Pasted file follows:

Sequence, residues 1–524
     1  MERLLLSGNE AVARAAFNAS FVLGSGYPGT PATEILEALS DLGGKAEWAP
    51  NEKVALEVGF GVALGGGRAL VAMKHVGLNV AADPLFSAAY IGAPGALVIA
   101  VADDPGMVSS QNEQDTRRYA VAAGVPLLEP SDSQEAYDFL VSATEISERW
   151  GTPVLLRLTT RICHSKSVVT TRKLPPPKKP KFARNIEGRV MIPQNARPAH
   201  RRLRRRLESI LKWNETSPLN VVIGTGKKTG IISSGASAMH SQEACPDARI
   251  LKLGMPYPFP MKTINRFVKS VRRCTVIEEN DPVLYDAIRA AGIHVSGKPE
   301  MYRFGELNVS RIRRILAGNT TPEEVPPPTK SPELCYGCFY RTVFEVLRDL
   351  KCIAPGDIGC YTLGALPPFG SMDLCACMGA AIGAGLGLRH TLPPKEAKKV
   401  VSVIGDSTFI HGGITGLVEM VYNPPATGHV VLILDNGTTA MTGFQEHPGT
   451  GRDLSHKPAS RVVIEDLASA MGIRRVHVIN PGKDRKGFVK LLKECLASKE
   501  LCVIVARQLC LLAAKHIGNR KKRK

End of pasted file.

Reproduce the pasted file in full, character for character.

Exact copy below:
Sequence, residues 1–524
     1  MERLLLSGNE AVARAAFNAS FVLGSGYPGT PATEILEALS DLGGKAEWAP
    51  NEKVALEVGF GVALGGGRAL VAMKHVGLNV AADPLFSAAY IGAPGALVIA
   101  VADDPGMVSS QNEQDTRRYA VAAGVPLLEP SDSQEAYDFL VSATEISERW
   151  GTPVLLRLTT RICHSKSVVT TRKLPPPKKP KFARNIEGRV MIPQNARPAH
   201  RRLRRRLESI LKWNETSPLN VVIGTGKKTG IISSGASAMH SQEACPDARI
   251  LKLGMPYPFP MKTINRFVKS VRRCTVIEEN DPVLYDAIRA AGIHVSGKPE
   301  MYRFGELNVS RIRRILAGNT TPEEVPPPTK SPELCYGCFY RTVFEVLRDL
   351  KCIAPGDIGC YTLGALPPFG SMDLCACMGA AIGAGLGLRH TLPPKEAKKV
   401  VSVIGDSTFI HGGITGLVEM VYNPPATGHV VLILDNGTTA MTGFQEHPGT
   451  GRDLSHKPAS RVVIEDLASA MGIRRVHVIN PGKDRKGFVK LLKECLASKE
   501  LCVIVARQLC LLAAKHIGNR KKRK